Thursday, August 16, 2018

Access: The Right of Everyone

I rarely vent on social media, but this is a social issue.  Not that I'm under any delusions about reaching the people who really need to see this, but still...  I'm frustrated, and angry, and tired, and probably a multitude of other emotions. 

Handicap parking and access.  Yeah, that stuff. 

Four times, FOUR TIMES! in the past 24 hours I've struggled because someone (okay, four someones) decided that they and theirs were more important than someone needing help.  Twice at a soccer tournament, twice at back-to-school night, the same school. 

I get that there are a lot of cars.  I get that it's hard to find a spot.  And those empty spots up front look mighty tempting.  But ya know, there's a reason they're so close to the entrance and it's not because I think I'm better than you.  It's because we really need them. 

And those ramps on and off the sidewalk?  Yep, they're pretty important, too.  My son in his wheelchair with all his equipment weighs between 125 and 150 pounds.  Tipping over his chair as we try to negotiate a curb would be disastrous. We need that access. 

Let me take you through what it takes to get Aaron out and about.  We do it a lot, it happens, but it's not that easy. 

Diaper change, food and meds if we're going to be gone long, oxygen tank.  Do I have enough for the outing?  How long will we be gone and do I have a back-up plan if it lasts longer?  What if he struggles and needs more?  Have to plan for that.  Do I have enough battery on his pulse/ox?  Has his suction machine been charged?  Do I have a new "nose" (filter) and suction catheter for when he gets junky?  And we haven't even moved him yet.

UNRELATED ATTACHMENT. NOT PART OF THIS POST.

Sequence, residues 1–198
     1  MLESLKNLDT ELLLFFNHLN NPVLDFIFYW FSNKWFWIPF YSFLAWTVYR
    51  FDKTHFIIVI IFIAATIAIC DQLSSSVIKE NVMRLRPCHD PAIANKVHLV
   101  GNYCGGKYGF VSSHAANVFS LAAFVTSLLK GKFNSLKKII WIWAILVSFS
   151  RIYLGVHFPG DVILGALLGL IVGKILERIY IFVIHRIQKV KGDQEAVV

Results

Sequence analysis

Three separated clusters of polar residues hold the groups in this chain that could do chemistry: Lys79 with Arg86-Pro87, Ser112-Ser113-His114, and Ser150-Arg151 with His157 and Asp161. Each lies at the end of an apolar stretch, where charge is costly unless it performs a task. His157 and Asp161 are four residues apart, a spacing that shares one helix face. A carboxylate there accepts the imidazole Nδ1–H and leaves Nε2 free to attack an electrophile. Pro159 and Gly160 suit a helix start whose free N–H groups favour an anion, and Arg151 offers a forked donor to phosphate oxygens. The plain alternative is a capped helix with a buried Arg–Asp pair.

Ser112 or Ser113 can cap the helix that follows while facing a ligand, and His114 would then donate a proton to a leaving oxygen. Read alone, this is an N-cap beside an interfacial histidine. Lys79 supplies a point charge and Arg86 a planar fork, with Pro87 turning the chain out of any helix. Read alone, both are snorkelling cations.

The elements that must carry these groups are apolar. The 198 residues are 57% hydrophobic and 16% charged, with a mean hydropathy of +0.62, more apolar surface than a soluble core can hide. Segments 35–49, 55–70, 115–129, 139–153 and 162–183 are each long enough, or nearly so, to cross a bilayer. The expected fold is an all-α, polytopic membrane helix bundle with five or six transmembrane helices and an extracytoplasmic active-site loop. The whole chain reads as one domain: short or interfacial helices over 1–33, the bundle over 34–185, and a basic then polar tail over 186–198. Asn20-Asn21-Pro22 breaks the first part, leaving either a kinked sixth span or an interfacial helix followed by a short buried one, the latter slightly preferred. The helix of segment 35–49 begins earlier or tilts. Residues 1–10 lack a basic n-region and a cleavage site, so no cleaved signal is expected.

Time to go.  Lift him into his wheelchair.  Turn his oxygen on, unhook him from the vent, hook him up to the tank.  Turn off the vent, humidifier, oxygen concentrators (yes, two).  Unplug the pulse/ox and wind up the cord, place on the wheelchair.  Buckle him in, five buckles.  Now we're ready to leave the room, as long as the switch from vent to "nose" hasn't dislodged anything that will need to be suctioned first.  That happens a lot.

Out to the car, down the ramp, open the car, lower that ramp, up into the van.  Reattach the floor buckle that has to be undone to get him in and out.  Secure the wheelchair at four points, secure his seatbelt.  Make sure it's not twisted and he's all good.  This requires access through both side back doors and the rear door.  Add extra oxygen if we're going to be gone more than a couple hours.  There's always a back-up tank in the car, but it's for emergencies, and yes, we've needed it before.

The good news is that his "go bag," his emergency bag with extras in it, is always on his wheelchair, so I don't have to remember any of that, unless of course I use something and it needs to be replaced.

Finally, we're on our way.  BUT when we get where we're going, it's a reverse of putting him in.  And then once we're out, we have to move kinda slow.  We can't just "slide" through the crowd.  We can't take the stairs.  We don't fit in a lot of spaces.

Guys, this is hard!  But it's doable, and I don't mind.  But when someone who is able-bodied thinks that what they are doing doesn't matter, well, it does!  It saps the energy, energy that I really don't have to spare.  It takes away from what I do have to give.  Frankly, it makes me want to cry.  And when I mention that I can't get to my car because you're blocking the ramp off the sidewalk (and there was no way to go around, there was landscaping on both sides) telling me that you were just leaving anyway, like seriously, what was my problem??  Well, YOU are my problem.  And I have already waited, trying to figure out how to get to my car.  Waited in the heat with a little boy who was already struggling.  Waited while trying to see if maybe I could possibly ease down around the driver's side because not only were you taking a handicapped space, you were also parked over the hashmarks that are designed for a wheelchair van to use.